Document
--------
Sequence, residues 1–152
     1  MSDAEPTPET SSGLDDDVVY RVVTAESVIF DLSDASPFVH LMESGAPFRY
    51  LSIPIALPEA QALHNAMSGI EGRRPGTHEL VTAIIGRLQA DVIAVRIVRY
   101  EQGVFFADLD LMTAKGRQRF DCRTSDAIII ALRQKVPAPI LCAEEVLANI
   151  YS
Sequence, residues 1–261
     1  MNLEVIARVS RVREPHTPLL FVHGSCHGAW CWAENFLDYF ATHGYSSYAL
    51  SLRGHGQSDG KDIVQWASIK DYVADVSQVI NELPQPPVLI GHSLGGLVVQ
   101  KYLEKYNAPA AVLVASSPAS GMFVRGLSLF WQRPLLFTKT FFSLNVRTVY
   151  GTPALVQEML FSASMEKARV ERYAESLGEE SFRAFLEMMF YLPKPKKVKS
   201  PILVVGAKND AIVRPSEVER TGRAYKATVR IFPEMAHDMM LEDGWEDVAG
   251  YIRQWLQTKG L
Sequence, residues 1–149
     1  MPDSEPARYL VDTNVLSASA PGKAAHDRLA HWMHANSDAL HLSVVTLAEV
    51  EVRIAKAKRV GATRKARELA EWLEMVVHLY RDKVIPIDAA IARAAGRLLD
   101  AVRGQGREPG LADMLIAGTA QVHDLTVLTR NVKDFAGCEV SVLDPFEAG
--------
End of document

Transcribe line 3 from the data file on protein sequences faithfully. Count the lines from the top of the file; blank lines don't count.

    51  LSIPIALPEA QALHNAMSGI EGRRPGTHEL VTAIIGRLQA DVIAVRIVRY